An Interview with Marimacho

Last week, I attended a discussion on queer fashion hosted by Columbia University trans student group GendeRevolution. Also in attendance were Crystal González and Ivette Alé, the creative visionaries behind the newly launched masculine-of-center clothing line, Marimacho. I was honored to have a sneak peak at the Marimacho collection and instantly fell in love with its beautifully tailored, dapperQ aesthetic. I chatted with Crystal and Ivette to get more information about this amazing find and share it with our readers.

dapperQ: How did you come up with the name Marimacho?

Crystal: Let me start off with a brief definition of the name. “Marimacho” is Spanish slang for a masculine woman. It is generally used as a pejorative.

I remember first hearing the word when I was studying abroad in Argentina and was struck by the almost poetry of it. It was a word that just stuck in my mind. When I first starting thinking of doing a clothing line like this, the word just kind of popped back up. It fit perfectly.

dapperQ: Can you describe Marimacho’s style?

Ivette: Marimacho’s style is both dandy fashion and an urban aesthetic. It’s classic and tailored, but still playful.

dapperQ: Can you tell me a bit about the history and evolution of Marimacho?

Crystal: The idea originated some time during my third year of college. It was something I was hoping to do some time in the hypothetical future. When I met Ivette, I talked to her a bit about my plans. She has a background in the apparel industryand had been making her own clothes since she was little. Talking back and forth about it, we both got really excited. We found ourselves devoting a lot of time to developing and discussing the idea. We eventually decided to just do it.

dapperQ: Who or what inspires your designs?

Ivette: Our designs are inspired a lot by our backgrounds in music subculture. I grew up in Southern California’s rockabilly scene, which gave me a fascination with vintage style.

Crystal: For me it’s a lot of classic men’s styling – tailored suits, vests, bow-ties. It’s all the clothing that I’ve always wanted to wear but couldn’t find.

dapperQ: Many of our readers have problems finding masculine of center clothes that fit them properly. How is Marimacho addressing this issue?

Crystal: Essentially the clothes create clean, straight lines while accommodating female and trans proportions.

Ivette: We achieve this through strategic darting, hidden pleats, etc.We invested as much energy into the technical construction as we did the styling.

dapperQ: Do you see queer fashion as being different from more normative, mainstream fashion? If so, how?

Crystal: It’s hard to really say what queer fashion is.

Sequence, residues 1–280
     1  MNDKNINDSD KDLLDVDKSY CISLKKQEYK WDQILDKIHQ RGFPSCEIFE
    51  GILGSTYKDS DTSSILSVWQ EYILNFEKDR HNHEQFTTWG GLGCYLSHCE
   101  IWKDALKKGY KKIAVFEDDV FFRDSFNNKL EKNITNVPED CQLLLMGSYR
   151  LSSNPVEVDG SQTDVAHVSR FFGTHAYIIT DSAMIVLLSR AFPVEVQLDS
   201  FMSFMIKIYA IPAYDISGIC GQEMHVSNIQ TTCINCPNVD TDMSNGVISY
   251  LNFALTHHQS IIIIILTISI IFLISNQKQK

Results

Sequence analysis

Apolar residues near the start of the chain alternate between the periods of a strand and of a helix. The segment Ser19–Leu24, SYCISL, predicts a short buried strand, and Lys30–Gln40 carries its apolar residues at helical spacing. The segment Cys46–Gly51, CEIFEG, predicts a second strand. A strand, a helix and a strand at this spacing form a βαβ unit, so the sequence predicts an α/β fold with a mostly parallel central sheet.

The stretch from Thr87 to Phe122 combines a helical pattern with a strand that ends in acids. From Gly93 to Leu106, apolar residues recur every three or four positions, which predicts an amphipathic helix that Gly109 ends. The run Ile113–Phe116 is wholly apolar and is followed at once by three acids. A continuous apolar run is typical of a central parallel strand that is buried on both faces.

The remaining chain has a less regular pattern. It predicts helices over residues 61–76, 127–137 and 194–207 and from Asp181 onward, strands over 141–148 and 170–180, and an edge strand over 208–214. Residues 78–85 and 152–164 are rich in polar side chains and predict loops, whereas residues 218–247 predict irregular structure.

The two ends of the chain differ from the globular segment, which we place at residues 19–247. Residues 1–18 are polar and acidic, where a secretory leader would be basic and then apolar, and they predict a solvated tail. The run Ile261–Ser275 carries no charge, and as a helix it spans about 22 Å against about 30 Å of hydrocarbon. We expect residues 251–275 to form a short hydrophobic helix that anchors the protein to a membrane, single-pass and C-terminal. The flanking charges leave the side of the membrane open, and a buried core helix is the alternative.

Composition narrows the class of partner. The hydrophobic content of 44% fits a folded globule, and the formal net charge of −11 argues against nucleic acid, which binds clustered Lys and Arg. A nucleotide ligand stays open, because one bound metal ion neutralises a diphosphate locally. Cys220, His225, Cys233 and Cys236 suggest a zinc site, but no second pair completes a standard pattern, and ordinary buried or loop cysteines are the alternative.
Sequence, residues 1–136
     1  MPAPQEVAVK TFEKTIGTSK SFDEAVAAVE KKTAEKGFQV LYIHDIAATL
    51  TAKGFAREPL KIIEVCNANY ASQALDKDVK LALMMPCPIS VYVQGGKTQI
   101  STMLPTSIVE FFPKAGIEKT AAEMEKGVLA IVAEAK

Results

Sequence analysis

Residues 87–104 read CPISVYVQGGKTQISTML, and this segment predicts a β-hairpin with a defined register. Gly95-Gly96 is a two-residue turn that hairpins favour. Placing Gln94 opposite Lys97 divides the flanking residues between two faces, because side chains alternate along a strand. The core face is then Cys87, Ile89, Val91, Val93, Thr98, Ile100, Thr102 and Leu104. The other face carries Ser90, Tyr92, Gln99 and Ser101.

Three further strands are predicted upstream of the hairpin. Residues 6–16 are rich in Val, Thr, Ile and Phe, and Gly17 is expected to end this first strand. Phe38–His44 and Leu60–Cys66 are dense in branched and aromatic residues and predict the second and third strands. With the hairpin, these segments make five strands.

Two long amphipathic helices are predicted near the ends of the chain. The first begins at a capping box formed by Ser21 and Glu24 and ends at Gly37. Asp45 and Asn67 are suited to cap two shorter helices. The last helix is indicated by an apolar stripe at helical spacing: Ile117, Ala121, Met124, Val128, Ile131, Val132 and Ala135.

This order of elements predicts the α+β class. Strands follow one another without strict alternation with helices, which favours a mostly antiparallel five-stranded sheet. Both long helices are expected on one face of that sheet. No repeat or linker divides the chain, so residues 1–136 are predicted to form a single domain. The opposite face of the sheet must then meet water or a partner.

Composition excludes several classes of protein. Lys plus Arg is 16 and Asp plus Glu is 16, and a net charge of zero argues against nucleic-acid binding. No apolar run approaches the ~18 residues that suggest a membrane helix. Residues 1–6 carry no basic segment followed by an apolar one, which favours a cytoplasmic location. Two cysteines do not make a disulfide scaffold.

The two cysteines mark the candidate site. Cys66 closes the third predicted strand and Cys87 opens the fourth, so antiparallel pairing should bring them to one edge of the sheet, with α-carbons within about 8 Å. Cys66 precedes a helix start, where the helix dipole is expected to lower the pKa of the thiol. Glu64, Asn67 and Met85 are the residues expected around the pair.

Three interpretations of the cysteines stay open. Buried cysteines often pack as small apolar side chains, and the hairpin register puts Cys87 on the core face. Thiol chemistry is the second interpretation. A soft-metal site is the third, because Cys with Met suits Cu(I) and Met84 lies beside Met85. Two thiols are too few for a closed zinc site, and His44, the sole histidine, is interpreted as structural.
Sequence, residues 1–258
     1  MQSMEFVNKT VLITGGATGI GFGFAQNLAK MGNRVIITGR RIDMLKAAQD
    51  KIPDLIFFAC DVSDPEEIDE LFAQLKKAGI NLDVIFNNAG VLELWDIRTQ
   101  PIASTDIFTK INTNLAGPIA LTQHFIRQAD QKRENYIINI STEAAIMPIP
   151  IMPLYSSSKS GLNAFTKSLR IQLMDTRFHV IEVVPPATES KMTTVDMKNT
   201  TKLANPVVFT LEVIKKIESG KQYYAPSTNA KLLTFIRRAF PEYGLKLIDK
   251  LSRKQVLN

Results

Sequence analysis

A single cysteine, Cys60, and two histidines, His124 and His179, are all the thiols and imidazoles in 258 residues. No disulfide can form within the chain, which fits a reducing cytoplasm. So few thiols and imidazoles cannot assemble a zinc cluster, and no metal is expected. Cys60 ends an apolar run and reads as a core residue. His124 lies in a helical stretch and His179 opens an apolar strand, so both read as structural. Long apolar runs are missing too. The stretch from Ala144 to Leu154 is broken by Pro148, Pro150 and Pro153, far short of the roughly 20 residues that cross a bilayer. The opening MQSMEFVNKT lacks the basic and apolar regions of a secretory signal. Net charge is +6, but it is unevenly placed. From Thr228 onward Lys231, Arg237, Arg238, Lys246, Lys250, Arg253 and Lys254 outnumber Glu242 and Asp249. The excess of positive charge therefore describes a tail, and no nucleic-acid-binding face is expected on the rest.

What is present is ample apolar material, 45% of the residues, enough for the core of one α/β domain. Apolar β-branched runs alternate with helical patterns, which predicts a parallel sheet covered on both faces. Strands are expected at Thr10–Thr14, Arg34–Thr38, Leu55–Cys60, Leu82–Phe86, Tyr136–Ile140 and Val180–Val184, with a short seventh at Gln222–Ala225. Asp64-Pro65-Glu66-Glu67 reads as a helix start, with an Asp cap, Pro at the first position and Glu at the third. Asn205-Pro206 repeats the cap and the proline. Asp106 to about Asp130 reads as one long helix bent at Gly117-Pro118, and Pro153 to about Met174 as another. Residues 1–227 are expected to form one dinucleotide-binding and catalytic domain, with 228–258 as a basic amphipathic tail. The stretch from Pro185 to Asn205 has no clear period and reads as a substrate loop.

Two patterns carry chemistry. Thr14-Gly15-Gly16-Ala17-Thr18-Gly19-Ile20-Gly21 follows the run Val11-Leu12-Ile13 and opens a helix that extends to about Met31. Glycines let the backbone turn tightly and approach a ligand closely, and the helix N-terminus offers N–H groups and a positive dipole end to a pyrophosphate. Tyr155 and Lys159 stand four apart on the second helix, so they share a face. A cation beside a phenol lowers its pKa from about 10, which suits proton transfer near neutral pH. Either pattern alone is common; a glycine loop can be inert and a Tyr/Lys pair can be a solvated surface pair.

Ivette: Fashionable gay men are very different from fashionable queer masculine women or trans men. But, what I see as a consistent thread is the challenging of gender-norms. There is greater mixing of menswear for women and women’s wear for men

Crystal: That’s very different from mainstream fashion, which generally promotes normative gender expressions.

dapperQ: At this week’s queer fashion discussion group, you [Crystal] mentioned something about menswear being a symbol of power. Can you elaborate for our readers?

Crystal: It wasn’t so much menswear as masculinity. When people adopt masculine ways of presenting themselves, they are often assuming privilege. They are presenting themselves in a way that is generally seen as stronger and more powerful. Even a few femme women [at the discussion group] recalled how they felt more respected when they dressed more masculine.

dapperQ: dapperQ is all about transgressing masculine fashions. Do you have any recommendations for our readers about how to do that well?

Ivette: One thing that Marimacho tries to do is mix opposites. Hard and soft. Formal and playful. One way for your readers to challenge normative masculine fashion is to not be afraid to cross gender boundaries, even in the same look.

Crystal: I am often inspired by the way gay men dress. It can be a wonderful juxtaposition of masculine and feminine that still clearly reads as masculine of center.

dapperQ: The two of you are a couple. How long have you been together and what is it like working professionally together?

Crystal: (Laughs) Good question.

Ivette: We’ve been together for almost two years. To be honest, it is really great working with Crystal, at least for me. We really feed off of each other’s ideas and work together efficiently.

Crystal: I think because we know each other so well, we can really facilitate each other’s creative process.

dapperQ: Where can our readers find you hanging out during your leisure time (not to encourage any stalking)?

Ivette: (Laughs). We usually hang out in Brooklyn. Some of the parties we go to regularly are Miss Thang at Sweet Revenge and That’s My Jam.

Crystal: The bklynboihood parties are also awesome.

dapperQ: When and how can our readers purchase Marimacho items?

Crystal: The collection will only be available via our website. We expect the online shop to launch in April. dapperQ readers can make sure to follow us on Facebook or Twitter to get updates as we get closer to the launch.

dapperQ: Is there anything else you’d like to share with our readers?

Crystal: It’s been amazing to have the opportunity to do something like this. Starting a business is not something I ever pictured myself doing at 23. And it’s not something I would have done were it not for all the amazing people who have helped us.

Photos courtesy of Marimacho, by Bex Wade

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